The Georgia Forestry Commission is asking all Georgia residents to postpone outdoor burning until the current severe wildfire situation has diminished. Requests for burn permits will generally be denied immediately due to drought conditions and the continued risk of wildfire.
"The recent fires in south Georgia have stretched out suppression resources," said Alan Dozier, Chief of Forest Protection. "GFC teams have been dispatched from all over the state to fight these unprecedented fires. So that no area of Georgia is left unprotected, every effort must be made to reduce the threat of uncontrolled fire. Georgia's fire risk is at a 50-year high. It is simply not prudent to continue to authorize use of fire when we are in this situation."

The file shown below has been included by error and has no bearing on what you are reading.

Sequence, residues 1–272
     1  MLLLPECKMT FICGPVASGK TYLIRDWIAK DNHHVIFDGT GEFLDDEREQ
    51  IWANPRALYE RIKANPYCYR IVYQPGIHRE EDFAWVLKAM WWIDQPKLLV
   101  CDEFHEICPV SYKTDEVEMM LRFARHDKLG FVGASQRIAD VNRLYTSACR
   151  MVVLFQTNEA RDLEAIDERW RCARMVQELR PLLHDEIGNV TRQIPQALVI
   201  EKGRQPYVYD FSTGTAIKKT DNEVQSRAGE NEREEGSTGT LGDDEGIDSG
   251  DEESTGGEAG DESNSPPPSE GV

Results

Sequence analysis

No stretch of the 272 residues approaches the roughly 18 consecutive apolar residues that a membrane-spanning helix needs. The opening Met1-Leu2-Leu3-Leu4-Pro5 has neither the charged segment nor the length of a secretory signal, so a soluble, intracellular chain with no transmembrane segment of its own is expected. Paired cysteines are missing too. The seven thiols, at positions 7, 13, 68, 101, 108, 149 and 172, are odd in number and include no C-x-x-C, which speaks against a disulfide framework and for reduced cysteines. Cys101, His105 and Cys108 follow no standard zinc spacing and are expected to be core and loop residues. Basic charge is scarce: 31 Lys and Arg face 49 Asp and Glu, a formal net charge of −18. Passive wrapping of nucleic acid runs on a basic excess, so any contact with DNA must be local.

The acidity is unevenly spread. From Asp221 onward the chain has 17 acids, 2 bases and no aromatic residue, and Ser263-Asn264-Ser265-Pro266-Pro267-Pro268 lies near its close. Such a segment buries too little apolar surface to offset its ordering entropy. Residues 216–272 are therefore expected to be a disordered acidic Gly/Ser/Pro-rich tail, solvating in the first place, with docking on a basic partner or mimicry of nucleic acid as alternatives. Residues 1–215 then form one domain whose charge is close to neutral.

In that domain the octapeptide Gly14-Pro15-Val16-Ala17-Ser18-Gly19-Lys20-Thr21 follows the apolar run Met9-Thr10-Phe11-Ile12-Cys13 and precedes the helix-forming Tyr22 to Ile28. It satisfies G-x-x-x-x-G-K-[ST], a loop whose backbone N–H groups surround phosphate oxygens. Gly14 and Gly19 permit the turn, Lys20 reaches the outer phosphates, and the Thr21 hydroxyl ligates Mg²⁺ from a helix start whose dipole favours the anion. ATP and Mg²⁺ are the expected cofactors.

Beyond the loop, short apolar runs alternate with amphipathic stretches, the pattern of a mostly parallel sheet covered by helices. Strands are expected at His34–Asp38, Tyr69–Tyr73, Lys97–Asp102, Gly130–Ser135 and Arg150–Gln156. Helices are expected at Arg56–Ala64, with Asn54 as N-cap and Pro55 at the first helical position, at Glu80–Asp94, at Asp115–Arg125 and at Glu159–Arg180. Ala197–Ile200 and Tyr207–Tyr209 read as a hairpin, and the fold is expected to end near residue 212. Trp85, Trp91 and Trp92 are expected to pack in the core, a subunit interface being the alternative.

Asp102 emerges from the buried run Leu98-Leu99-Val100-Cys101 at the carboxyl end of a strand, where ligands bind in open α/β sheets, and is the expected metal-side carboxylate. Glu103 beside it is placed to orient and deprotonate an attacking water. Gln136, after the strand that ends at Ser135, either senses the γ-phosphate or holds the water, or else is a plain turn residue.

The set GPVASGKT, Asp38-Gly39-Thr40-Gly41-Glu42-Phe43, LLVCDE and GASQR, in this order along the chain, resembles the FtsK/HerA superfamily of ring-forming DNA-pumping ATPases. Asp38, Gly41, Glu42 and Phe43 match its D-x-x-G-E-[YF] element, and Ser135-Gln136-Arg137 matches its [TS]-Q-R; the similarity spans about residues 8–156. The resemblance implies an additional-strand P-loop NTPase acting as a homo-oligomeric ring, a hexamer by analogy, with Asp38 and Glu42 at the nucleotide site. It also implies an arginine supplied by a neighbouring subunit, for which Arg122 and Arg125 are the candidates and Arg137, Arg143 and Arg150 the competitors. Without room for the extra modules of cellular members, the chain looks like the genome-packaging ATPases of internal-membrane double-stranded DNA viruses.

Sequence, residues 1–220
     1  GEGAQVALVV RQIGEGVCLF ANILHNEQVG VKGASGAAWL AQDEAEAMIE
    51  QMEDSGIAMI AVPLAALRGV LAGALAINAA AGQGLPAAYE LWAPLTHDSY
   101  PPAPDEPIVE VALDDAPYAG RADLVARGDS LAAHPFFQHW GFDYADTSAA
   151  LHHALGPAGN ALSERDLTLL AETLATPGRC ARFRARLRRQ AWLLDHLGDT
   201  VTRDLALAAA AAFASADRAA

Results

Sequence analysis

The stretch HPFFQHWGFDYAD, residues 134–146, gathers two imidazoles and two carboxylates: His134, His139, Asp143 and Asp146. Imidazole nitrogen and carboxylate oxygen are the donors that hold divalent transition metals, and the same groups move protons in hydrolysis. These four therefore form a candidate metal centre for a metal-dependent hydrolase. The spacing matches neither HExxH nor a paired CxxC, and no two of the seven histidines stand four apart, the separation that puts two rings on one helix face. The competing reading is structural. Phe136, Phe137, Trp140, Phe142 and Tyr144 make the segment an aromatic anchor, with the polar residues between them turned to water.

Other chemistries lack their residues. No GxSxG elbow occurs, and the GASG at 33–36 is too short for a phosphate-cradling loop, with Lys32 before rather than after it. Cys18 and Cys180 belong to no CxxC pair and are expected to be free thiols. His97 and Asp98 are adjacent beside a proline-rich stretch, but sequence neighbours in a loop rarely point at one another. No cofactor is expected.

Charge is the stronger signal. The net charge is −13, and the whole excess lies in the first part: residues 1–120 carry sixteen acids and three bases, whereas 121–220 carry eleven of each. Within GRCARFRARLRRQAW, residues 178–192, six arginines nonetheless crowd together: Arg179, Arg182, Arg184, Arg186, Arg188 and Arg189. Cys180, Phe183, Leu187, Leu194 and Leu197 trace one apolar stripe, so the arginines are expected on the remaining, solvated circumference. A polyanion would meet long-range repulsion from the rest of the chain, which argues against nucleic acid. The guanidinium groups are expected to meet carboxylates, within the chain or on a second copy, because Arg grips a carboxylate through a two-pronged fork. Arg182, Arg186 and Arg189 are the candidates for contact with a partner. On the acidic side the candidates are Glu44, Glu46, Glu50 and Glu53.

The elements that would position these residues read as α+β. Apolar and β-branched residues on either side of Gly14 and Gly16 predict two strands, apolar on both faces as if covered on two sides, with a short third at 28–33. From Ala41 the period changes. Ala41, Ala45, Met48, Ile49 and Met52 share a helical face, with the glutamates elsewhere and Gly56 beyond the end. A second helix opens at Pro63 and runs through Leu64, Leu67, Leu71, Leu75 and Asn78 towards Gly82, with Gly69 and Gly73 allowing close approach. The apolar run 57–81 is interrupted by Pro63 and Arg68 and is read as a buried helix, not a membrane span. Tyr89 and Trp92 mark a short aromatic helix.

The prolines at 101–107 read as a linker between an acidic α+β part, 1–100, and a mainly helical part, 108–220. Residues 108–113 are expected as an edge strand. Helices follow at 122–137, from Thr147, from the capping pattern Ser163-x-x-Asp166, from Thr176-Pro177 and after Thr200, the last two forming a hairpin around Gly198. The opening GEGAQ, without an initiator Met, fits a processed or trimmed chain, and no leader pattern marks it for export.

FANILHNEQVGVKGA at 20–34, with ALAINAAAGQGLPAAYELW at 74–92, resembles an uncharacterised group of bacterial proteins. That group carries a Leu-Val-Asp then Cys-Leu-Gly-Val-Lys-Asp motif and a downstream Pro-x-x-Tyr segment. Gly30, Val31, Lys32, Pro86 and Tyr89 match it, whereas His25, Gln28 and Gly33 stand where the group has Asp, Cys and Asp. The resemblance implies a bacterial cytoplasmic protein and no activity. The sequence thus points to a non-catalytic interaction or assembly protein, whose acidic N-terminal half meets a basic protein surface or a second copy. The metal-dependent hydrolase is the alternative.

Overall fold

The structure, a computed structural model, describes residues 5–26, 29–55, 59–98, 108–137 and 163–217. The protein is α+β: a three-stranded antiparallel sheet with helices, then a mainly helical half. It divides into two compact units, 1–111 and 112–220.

Outdoor burning is an important debris disposal tool for many Georgians, and Alan Dozier said restricting permits may cause temporary inconvenience, but he expects people to understand the risk and comply with the GFC's request. While a total burn ban is not being instituted, the GFC will restrict burning permits on a case by case basis. This allows flexibility in locations that receive rain showers and allows fire use for various work related activities.
The Georgia Forestry Commission's toll free 1-877-OK2 BURN line and its computer on-line system for obtaining permits have been temporarily disabled. Residents who have annual permits are asked to refrain from burning until further notice.